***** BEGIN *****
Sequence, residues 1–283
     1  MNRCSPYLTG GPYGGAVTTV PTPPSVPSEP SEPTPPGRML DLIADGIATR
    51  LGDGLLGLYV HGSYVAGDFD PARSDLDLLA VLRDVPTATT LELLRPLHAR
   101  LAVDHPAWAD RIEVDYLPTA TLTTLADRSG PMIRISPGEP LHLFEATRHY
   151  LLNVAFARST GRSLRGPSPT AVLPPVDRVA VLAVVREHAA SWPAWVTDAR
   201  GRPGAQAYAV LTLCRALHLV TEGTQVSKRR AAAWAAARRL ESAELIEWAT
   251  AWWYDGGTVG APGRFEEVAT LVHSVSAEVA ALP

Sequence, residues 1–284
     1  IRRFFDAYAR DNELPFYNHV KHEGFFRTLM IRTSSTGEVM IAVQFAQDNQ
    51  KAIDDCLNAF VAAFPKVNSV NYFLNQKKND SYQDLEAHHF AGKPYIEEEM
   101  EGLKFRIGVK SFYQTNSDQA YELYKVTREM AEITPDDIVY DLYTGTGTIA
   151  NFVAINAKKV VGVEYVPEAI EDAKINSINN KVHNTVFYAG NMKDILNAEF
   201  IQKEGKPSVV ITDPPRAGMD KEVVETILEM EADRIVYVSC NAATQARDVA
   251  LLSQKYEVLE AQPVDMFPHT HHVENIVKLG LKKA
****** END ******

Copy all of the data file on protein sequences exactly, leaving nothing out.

Sequence, residues 1–283
     1  MNRCSPYLTG GPYGGAVTTV PTPPSVPSEP SEPTPPGRML DLIADGIATR
    51  LGDGLLGLYV HGSYVAGDFD PARSDLDLLA VLRDVPTATT LELLRPLHAR
   101  LAVDHPAWAD RIEVDYLPTA TLTTLADRSG PMIRISPGEP LHLFEATRHY
   151  LLNVAFARST GRSLRGPSPT AVLPPVDRVA VLAVVREHAA SWPAWVTDAR
   201  GRPGAQAYAV LTLCRALHLV TEGTQVSKRR AAAWAAARRL ESAELIEWAT
   251  AWWYDGGTVG APGRFEEVAT LVHSVSAEVA ALP

Sequence, residues 1–284
     1  IRRFFDAYAR DNELPFYNHV KHEGFFRTLM IRTSSTGEVM IAVQFAQDNQ
    51  KAIDDCLNAF VAAFPKVNSV NYFLNQKKND SYQDLEAHHF AGKPYIEEEM
   101  EGLKFRIGVK SFYQTNSDQA YELYKVTREM AEITPDDIVY DLYTGTGTIA
   151  NFVAINAKKV VGVEYVPEAI EDAKINSINN KVHNTVFYAG NMKDILNAEF
   201  IQKEGKPSVV ITDPPRAGMD KEVVETILEM EADRIVYVSC NAATQARDVA
   251  LLSQKYEVLE AQPVDMFPHT HHVENIVKLG LKKA